Another thing to think about: Increasingly, you'll see people handing out food and coffees to voters waiting in long lines. Actor Paul Rudd was spotted handing out blueberry-and-cream cookies to voters who were waiting in the rain. Favini says you should consider your risk factors before accepting (yes, even if the snacks are coming from your favorite celebrity). "This comes down to personal risk tolerance on an individual level," Dr. Favini says. If you're at high risk of getting a severe COVID-19 infection, it may not be worth taking a chance on the snack. Consider bringing your own instead. Another consideration: "Well-meaning people handing out cookies have beautiful intentions," says Jill Grimes, MD, board-certified family physician, and author of The Ultimate College Student Health Handbook: Your Guide for Everything from Hangovers to Homesickness. "But when you take off your mask to eat a cookie or sip on your Starbucks, you’re defeating the purpose of wearing a mask." Consider accepting the sweet treat but saving it for after you vote.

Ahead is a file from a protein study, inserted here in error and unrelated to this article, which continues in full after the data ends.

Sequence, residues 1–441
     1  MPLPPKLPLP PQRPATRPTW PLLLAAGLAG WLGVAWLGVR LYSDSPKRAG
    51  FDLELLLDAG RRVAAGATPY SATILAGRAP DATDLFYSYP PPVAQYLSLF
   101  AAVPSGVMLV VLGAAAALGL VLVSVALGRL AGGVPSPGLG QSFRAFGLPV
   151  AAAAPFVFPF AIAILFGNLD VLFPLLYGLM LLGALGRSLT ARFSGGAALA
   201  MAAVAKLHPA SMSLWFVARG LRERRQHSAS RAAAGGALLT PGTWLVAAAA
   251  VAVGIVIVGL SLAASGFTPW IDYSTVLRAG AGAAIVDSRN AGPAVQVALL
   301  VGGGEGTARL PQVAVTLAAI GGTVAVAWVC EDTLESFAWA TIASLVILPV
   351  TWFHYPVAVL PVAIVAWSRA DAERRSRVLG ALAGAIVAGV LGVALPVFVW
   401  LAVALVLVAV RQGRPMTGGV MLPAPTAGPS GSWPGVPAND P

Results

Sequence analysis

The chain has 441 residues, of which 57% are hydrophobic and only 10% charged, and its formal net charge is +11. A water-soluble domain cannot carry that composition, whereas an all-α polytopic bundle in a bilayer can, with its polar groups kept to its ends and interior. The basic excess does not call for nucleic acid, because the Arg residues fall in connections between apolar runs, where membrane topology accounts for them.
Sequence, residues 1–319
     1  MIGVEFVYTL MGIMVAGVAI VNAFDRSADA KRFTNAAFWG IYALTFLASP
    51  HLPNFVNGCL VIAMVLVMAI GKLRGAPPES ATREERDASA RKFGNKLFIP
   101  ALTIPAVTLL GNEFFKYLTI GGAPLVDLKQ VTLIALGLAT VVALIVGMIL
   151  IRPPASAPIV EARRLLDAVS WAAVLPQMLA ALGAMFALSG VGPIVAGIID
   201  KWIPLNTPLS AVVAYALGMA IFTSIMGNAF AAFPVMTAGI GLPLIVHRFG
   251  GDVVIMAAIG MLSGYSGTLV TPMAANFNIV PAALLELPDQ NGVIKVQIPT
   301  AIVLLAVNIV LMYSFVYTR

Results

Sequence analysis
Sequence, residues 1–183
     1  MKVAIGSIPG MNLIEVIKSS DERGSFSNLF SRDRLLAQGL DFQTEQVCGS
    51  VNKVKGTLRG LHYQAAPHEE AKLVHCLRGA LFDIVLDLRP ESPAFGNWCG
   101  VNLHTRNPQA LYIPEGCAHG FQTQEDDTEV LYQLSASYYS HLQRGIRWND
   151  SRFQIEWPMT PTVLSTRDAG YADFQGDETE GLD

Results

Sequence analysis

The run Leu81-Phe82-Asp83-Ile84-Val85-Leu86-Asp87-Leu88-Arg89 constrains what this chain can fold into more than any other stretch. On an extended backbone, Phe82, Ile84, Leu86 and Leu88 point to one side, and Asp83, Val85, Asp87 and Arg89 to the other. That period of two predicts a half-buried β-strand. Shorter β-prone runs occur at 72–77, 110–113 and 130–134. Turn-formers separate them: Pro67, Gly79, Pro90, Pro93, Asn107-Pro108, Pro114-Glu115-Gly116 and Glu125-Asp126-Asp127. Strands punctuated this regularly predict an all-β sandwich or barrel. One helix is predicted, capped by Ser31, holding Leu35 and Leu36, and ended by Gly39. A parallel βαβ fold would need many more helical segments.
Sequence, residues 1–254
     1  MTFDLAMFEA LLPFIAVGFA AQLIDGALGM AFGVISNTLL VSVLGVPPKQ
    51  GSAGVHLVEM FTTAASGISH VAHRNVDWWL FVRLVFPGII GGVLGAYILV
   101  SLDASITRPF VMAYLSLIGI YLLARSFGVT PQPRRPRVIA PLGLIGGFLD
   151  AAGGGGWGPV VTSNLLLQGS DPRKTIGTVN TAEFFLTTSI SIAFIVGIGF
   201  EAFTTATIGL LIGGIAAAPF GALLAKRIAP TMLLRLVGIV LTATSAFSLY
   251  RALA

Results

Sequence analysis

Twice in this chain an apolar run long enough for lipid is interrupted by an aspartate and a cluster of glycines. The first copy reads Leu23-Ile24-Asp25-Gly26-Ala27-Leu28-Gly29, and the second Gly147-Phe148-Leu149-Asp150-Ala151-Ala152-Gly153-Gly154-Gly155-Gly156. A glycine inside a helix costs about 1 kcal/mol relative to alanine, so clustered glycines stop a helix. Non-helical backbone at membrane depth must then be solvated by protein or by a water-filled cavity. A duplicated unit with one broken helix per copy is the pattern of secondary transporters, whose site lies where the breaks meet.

Also of note, Dr. Favini says it's not a bad idea to get a coronavirus test a few days after you vote, especially if you live in an area with a high number of COVID-19 cases. This will help ensure you didn't pick up the virus while voting, so you don't spread it to others unknowingly.
Dr Pottinger’s general advice is to vote, vote, vote. But there’s one exception. If you’re feeling really sick on Election Day, it’s best to stay home. It could ultimately save a life. “This is why I really advise people to vote by mail, or to vote early if that’s an option in your community.” Folks in many states have already begun the process of voting early, and some states allow a family member, caretaker, or designated person to drop off your absentee ballot for you if you are ill or unable to go yourself.
In the end, no matter how you vote, it’s important to do so mindfully this year. “I have a very significant concern that people will do one of two things,” Dr. Pottinger says. “One is that people will ignore COVID-19, and the other is that they’ll be so scared of it that it paralyzes them. Neither is acceptable. People should vote. And they should just do it in a thoughtful, polite way that includes personal space and covering your face.”